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Fragrance Facts: Uses and Benefits of Oud Oil

Benefits of Oud Oil

You may not be especially familiar with oud, or the benefits of Oud oil. After all, it doesn’t tend to rank with primrose, lily and ylang ylang as one of the most fragrant floral scents. Nor does it rank with lavender, tea tree or chamomile as the most useful. But, overlook oud and you could be missing out on one of the most complex and interesting scents available on the market today. Not to mention, an oil that is literally worth more than its weight in gold.



And while it may not be the most common, it lays a fair claim to having the richest history. Mentioned in the Bible, the Quran and Buddhist scriptures. people have been waxing lyrical about this deeply evocative scent for thousands of years. The Buddha reportedly claimed that burning oud (otherwise known as agarwood) conjured “the scent of Nirvana”. While other mythologies have suggested that agarwood was the only cutting that Adam was allowed to take from the garden of Eden. Whichever way you look at it, the scent and benefits of oud oil clearly has something rather special.

The Scent

The distinct, raw and earthy scent has been likened to many things. It has a sweet yet sharp tang and has long been used by Sultans and royalty. Today though, it’s more likely to be the signature scent of actors and rock stars as it’s the main element in Giorgio Armani’s oud Royal and Tom Ford’s oud Wood.

Where does oud come from?

Oud, roughly translating from Arabic as from wood is a fragrant, dark, resinous wood (agarwood). An oil that grows predominantly in South East Asia. Its origins are inauspicious but when the pale and healthy Aquilaria tree becomes infected with mould. It produces the dark, scented resin known as oud (sometimes named “liquid gold”). It is thought that fewer than 2% of Agarwood trees produce this resin making oud one of the most expensive fragrances in the world. What’s more, experts think true oud comes from only the oldest trees, making this rare phenomenon even rarer.

Benefits of Oud Oil

There are many varieties of oud, around 30 types in fact, and these can mostly be found in across Asia. Think India, Sri Lanka, Vietnam, Thailand and Cambodia. The natural reserves of this rare oil are naturally depleting. Arborists and foresters are stepping in to create a cultivated version which may lack the age but still maintains the rich and complex intensity.

Check out the map below to discover where oud is most commonly cultivated.



How is oud grown and cultivated?

While cultivating oud may seem like the simplest option, these rare trees are notoriously difficult to grow. You’d need the climate of South East Asia, a nursery facility that is at least 1,000 metres above sea level and 4-5 years to allow it to mature. And that’s only what you need to do to grow a healthy Aquilaria tree. Modern forestry methods involve infecting the trees with fungus which is a notoriously unpredictable procedure. It is thought that the precious resin only occurs naturally on between 1-2% of them. In essence, the process of growing your own oud may be a step too far for most scent connoisseurs.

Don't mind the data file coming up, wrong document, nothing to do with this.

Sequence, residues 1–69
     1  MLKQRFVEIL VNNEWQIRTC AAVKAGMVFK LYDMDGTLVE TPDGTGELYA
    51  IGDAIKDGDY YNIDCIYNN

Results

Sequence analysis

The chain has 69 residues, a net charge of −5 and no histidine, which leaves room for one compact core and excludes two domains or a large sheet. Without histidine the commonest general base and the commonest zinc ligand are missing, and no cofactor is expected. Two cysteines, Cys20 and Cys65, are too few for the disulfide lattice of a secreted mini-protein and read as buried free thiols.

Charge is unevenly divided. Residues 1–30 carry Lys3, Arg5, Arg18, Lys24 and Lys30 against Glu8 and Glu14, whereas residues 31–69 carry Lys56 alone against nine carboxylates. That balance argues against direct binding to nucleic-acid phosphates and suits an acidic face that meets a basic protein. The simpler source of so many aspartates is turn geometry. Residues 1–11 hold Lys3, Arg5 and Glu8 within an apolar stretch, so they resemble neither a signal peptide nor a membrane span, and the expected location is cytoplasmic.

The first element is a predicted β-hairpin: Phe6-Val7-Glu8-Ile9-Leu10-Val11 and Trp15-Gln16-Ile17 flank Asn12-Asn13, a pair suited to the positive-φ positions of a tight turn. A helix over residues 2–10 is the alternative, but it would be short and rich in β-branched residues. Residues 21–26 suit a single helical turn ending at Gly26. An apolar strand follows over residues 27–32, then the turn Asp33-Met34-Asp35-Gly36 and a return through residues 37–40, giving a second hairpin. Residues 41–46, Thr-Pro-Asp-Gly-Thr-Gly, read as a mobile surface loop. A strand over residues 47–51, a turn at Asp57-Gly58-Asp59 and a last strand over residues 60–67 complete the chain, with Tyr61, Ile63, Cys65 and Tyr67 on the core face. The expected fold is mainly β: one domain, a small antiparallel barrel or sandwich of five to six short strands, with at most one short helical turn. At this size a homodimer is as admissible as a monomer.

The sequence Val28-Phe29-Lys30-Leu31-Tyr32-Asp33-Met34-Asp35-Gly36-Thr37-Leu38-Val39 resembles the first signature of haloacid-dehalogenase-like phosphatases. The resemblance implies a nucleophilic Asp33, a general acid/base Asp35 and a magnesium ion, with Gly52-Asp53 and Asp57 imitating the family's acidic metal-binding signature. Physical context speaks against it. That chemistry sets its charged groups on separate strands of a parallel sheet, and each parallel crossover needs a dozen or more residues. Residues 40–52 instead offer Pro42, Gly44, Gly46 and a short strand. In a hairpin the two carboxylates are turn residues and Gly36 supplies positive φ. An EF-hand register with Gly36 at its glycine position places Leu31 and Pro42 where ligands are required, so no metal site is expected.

What is oud used for?

As you might expect from an oil this rich in history, the benefits of oud are many and varied. A staple in herbal medicines, herbal teas and incense, this intense oil is known to have a number of beneficial properties.

Thought to alleviate pain, oud is considered to have analgesic and anti-inflammatory properties which could be beneficial to sufferers of arthritis. When diluted with a carrier oil and massaged into the skin, it can help to eliminate toxins and reduce swelling.

Thanks to its microbial and antibacterial properties, it could also be good for fresh breath and clear skin.

Used for centuries, oud is considered by some to be a natural aphrodisiac. In fact, it’s even mentioned in religious texts that it could be good for increasing libido.

Thought to be effective in meditation for bringing about peace and tranquillity. Oud is also considered a natural sedative that could ease stress and even regulate sleep patterns.

Benefits of Oud Oil

Agarwood tea is already widely used in Thailand and it’s growing in popularity across Europe, too. The naturally caffeine-free tea is thought to calm the mind, aid slimming and even assist in the removal of harmful toxins such as mercury. Studies show that it contains calcium, iron and zinc to name but a few.

In essence, oud is an incredibly precious resource. With deforestation, over-harvesting and habit loss, one that looks set to retain its rarity. Thankfully, the trees are now being carefully monitored throughout the South East Asian countries to maintain its survival. So this precious scent is likely to be around for years to come.

Thanks for reading our blog on the uses and benefits of oud oil. If you’re interested to try out oud scents for yourself, check out our dedicated range, here.